Rapist Released After Serving Only Six Months of Ten-Year Sentence
William Beebe, a man convicted of rape after he sent a letter of apology to his victim 21 years after raping her, is scheduled for parole just six months into his 10-year jail sentence. His sentence had already been reduced to 18 months, as long as he performs 500 hours of community service related to sexual assault and alcohol abuse on college campuses.
In 2005, Beebe sent an apologetic letter to Liz Seccuro as part of the Alcoholics Anonymous program, confessing that he had assaulted her at a University of Virginia fraternity party. She later reported him, and he pled guilty to aggravated sexual battery. Seccuro was "shocked" to discover that Beebe would not have to serve his full time and that she wasn't asked to speak to the parole board, according to ABC News. "If Virginia is so very proud of the fact that there is no statute of limitations on rape, then the sentencing has to follow suit," she said.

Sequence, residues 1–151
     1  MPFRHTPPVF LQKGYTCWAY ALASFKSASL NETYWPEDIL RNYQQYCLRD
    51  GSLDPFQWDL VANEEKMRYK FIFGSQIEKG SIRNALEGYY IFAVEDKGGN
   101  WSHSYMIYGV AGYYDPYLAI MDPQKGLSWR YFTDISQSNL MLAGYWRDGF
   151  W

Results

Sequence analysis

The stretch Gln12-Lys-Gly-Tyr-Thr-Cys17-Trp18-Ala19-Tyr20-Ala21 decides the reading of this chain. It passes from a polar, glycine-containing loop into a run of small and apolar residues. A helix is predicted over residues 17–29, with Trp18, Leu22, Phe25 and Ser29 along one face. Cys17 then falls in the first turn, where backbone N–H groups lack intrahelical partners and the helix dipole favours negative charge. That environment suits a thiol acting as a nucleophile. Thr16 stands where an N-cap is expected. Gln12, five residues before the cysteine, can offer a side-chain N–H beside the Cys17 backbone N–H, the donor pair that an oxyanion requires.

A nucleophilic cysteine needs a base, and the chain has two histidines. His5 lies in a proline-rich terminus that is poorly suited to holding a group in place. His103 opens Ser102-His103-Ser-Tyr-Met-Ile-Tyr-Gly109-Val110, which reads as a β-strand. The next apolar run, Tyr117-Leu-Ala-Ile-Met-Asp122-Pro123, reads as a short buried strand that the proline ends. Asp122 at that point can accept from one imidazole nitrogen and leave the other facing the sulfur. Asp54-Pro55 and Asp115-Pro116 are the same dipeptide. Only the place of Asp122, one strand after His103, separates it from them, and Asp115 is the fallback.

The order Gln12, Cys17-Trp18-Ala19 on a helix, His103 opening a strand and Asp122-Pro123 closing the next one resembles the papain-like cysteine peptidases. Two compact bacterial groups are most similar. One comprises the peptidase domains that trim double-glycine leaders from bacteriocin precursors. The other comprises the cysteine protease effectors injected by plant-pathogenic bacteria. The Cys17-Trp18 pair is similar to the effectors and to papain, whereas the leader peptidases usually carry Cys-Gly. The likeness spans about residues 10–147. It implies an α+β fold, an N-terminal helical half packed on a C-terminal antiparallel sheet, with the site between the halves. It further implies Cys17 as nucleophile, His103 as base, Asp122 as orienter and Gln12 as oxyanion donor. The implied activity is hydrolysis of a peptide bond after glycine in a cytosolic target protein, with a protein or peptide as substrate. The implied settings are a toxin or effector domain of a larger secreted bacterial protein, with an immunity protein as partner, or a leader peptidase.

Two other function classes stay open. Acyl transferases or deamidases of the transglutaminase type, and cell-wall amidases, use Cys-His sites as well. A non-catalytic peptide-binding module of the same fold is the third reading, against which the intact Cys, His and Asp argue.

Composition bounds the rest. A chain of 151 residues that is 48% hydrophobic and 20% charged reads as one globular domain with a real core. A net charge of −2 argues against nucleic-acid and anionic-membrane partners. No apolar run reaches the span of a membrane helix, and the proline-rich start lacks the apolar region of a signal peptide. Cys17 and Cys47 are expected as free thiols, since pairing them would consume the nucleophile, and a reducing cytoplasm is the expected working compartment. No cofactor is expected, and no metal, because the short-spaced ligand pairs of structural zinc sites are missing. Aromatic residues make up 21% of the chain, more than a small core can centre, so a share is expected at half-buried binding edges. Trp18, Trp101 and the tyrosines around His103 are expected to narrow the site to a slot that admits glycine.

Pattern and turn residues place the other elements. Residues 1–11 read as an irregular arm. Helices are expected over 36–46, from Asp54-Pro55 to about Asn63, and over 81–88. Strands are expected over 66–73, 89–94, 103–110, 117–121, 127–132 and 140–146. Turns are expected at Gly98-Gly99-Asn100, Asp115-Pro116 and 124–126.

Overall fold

Seccuro went public with her story in the hope that she would encourage other survivors to do the same. She founded STARS -- Sisters Together Assisting Rape Survivors -- to raise money for rape victims and their families.
12/9/2013 Mixed Results for Afghanistan's Anti-Violence Against Women Law - The United Nations Assistance Mission in Afghanistan (UNAMA) and the Office of the UN High Commissioner for Human Rights (OHCHR) released their annual report on violence against women in Afghanistan yesterday, revealing mixed results of the country's Elimination of Violence against Women Law.
"A Way to Go: An Update on Implementation of the Law on the Elimination of Violence against Women in Afghanistan [PDF]," found that there was a 28 percent increase in reports of violence against women from 2012 to 2013 , but only 17 percent of those were prosecuted under EVAW - a small 2 percent increase from last year.
The law, which was issued by the executive decree of President Hamid Karzai in 2009, criminalizes 22 acts of violence against women and specifies punishment for perpetrators. . . .